Direct and indirect loss
Direct loss refers to the loss directly associated with original hazard impacts. Indirect loss is a consequence of such direct loss.
1. For instance, direct loss of roads and bridges due to a landslide may lead to indirect losses such as interruption of commercial flows between places.
2. Loss of factories due to an earthquake may lead to unemployment and unpayable debt; a need for reconstruction finance may lead to diversion of planned development funds from other activities.
3. Partial loss that can be repaired/ remedied is referred to as damage.
4. Direct and indirect loss could be interpreted as an element of cascading impact. See also “Cascading hazards”.
5. See also "Disruption and loss of services".
Indirect loses in education due to disaster events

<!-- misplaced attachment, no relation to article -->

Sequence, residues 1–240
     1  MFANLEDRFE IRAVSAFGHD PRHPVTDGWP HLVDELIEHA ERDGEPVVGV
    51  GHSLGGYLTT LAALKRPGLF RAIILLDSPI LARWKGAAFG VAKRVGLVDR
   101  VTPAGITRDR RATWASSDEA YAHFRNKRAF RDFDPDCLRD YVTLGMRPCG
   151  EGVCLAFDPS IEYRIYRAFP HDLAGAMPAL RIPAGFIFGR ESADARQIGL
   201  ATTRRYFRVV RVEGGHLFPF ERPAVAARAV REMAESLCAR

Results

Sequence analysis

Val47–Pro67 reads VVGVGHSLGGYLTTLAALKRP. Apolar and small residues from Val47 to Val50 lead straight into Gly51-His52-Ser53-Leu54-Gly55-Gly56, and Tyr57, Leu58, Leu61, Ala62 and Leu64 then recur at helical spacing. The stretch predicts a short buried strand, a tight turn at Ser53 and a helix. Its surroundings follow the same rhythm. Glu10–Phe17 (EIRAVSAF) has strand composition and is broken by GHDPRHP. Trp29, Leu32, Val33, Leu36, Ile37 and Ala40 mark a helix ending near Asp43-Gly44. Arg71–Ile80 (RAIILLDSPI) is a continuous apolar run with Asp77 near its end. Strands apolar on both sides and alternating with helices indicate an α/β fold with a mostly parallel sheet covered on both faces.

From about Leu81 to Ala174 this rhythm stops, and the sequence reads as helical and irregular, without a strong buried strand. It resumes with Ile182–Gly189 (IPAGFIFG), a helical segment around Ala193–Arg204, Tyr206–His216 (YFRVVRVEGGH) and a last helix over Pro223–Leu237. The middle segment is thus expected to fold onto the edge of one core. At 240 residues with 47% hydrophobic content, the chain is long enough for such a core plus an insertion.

In countries and communities where access to educational resources is strained, disaster events can have devastating impacts. For instance, in 2010 the Pakistan floods destroyed 11,000 schools. Thousands of additional schools had to be repurposed as emergency shelters, interrupting children’s schooling. Research indicates that children who experience climate shocks experience lower academic performance, higher absenteeism rates, and reduced educational attainment, leading to long-term implications for their future earnings. Repairs to schools and infrastructure in the aftermath of such events are often delayed, further exacerbating the situation. Disaster events disproportionately affect vulnerable students, particularly adolescent girls. In addition to missing school due to damage to infrastructure, children may also miss school due to sickness, injury, or displacement. The interruption of education caused by climate events can have lasting effects on individuals, communities, and societies.
Source: Chuang, E., Pinchoff, J., & Psaki, S. (2018, January 23). How natural disasters undermine schooling. Brookings. Retrieved on March 16, 2023.